8 makes a case for the boy's potential innocence, saying, "This boy has been hit so many times in his life that violence is practically...it's a normal state of affairs with him. I just can't see two slaps in the face provoking him into committing murder."
The other jurors still believe that the boy did it. 7 stands and says that the boy is "5 for 0" and that his record—children's court at 10 for throwing a rock at a teacher, reform school at 15 for stealing a car, and arrests for mugging and knife fighting—speaks for itself. 8 is still convinced that this has to do with his abusive father, but that it doesn't point to murder.
Then 3 stands and says that he used to call his father "sir," but children aren't respectful anymore. He asks 8 if he has any kids and 8 says he has three kids. 3 says he has a 22-year-old son, and pulls out a picture. He then tells a story about seeing his son run away from a fight and the fact that it embarrassed him and made him want to "make a man" out of his son. "When he was 16, we had a fight," he says. "Hit me in the jaw. He was a big kid. I haven't seen him for 2 years."
4 speaks up and suggests that "slums are breeding grounds for criminals," and they ought to take seriously his background when deliberating whether he committed the crime. 10 agrees, and says, "The kids who crawl out of these places are real trash," which prompts 5, who has been silent until now, to speak up. "I've lived in a slum all my life," 5 reveals, as the other jurors urge him to not be so sensitive.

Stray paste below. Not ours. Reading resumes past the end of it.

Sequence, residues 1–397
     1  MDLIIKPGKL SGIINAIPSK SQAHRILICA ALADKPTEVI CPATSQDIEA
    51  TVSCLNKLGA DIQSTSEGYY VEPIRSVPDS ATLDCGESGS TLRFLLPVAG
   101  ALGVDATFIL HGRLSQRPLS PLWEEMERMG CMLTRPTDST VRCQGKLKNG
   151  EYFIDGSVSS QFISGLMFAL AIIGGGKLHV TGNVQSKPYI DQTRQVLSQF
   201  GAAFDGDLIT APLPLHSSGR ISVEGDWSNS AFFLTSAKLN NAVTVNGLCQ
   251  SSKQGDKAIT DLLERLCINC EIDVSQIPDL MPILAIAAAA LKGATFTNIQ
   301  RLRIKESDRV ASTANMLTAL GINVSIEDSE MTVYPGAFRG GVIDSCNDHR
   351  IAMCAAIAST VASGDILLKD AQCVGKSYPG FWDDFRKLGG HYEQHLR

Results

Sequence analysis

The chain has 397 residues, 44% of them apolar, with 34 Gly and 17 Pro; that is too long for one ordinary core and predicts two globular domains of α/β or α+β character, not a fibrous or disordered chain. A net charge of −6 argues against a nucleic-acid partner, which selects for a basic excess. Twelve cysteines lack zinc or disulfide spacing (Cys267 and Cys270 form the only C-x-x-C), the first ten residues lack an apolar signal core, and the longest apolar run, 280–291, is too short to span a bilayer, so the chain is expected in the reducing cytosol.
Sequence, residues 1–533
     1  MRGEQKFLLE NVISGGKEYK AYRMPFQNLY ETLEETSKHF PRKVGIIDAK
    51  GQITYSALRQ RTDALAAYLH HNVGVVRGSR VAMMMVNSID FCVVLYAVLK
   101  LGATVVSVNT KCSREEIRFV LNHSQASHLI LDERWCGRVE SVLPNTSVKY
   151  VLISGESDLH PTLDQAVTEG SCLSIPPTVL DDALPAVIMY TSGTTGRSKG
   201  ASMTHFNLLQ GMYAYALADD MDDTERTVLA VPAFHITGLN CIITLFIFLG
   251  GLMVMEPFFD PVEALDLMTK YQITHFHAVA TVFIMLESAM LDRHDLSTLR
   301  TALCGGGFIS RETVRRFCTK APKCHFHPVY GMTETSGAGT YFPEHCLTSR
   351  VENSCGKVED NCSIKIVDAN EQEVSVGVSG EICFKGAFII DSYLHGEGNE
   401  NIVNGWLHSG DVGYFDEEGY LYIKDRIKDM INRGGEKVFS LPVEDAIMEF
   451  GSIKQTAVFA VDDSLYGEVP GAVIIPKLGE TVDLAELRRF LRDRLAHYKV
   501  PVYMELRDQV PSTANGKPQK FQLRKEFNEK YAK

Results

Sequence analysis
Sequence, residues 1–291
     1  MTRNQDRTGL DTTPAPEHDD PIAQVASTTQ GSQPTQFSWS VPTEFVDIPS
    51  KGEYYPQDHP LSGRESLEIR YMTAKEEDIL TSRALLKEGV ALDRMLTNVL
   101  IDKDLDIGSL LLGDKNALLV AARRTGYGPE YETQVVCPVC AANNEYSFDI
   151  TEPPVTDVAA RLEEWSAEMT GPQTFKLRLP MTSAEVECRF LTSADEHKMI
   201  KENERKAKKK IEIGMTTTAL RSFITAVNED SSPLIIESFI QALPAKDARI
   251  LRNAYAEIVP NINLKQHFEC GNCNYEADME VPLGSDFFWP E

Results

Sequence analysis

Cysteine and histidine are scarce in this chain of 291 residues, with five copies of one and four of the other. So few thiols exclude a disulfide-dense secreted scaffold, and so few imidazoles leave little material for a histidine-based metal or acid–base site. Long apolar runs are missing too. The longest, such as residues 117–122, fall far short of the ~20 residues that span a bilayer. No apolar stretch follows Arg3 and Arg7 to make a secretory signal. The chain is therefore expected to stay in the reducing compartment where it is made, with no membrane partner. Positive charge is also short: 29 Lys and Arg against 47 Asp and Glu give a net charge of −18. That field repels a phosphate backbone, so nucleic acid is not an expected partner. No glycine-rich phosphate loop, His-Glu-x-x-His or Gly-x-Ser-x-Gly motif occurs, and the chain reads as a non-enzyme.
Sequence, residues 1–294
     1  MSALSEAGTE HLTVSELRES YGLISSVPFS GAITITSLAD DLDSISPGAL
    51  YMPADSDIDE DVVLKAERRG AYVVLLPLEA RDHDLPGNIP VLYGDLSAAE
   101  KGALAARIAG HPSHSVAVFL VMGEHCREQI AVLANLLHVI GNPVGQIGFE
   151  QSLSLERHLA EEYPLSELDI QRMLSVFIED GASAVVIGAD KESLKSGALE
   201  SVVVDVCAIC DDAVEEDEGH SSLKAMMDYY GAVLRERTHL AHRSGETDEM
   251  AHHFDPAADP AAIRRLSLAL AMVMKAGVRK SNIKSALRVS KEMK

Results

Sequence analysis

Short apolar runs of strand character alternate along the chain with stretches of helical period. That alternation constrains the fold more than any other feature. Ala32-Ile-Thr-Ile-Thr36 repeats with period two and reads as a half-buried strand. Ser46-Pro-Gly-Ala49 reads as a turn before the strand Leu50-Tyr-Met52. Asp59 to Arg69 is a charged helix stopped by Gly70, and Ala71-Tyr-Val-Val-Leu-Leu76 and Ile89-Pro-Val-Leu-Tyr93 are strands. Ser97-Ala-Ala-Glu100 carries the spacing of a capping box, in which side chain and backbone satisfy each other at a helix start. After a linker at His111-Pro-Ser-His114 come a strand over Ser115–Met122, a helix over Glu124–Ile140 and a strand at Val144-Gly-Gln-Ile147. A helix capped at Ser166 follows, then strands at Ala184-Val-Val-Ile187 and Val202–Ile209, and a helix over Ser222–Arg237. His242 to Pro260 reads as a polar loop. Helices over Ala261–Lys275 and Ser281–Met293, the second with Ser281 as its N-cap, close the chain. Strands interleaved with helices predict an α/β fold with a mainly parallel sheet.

10 demands to hear 8's perspective, and when the foreman suggests they stick to the plan—that everyone convince 8 of their perspective—he calls the foreman a "kid," dismissively. 1 gets into an argument with 10, suggesting that he take control if he knows what is best.
8 states what he believes. "I sat there in court for 6 days listening while the evidence built up. Everybody sounded so positive, I began to get a peculiar feeling about this trial. I mean, nothing is that positive...I began to get the idea that the defense council wasn't conducting a thorough enough cross-examination. He let too many things go by. Little things," he says.
He continues, "Look, there was one alleged eyewitness to this killing. Someone else claims he heard the killing, saw the boy run out afterwards, and there was a lot of circumstantial evidence. But actually those two witnesses were the entire case for the prosecution. Supposing they're wrong?"
3 asks about the murder weapon, the knife that the defendant admitted to buying the night of the killing. 8 requests to see the knife again, and the foreman goes to fetch it. 4 reviews the facts: that the boy admitted leaving the house at 8 on the night of the murder after his father punched him, that he went to a junk shop to buy a very special switch knife, that he met his friends in front of a tavern at 8:45 and they saw the knife, that the weapon used in the murder is the same knife, that he returned home at 10, that he claims that he went to a movie at 11:30 and returned home at 3:10 to find his father dead. At this point, 8 interjects to say that the defendant claims that the detectives who arrested him threw him down a half a flight of stairs.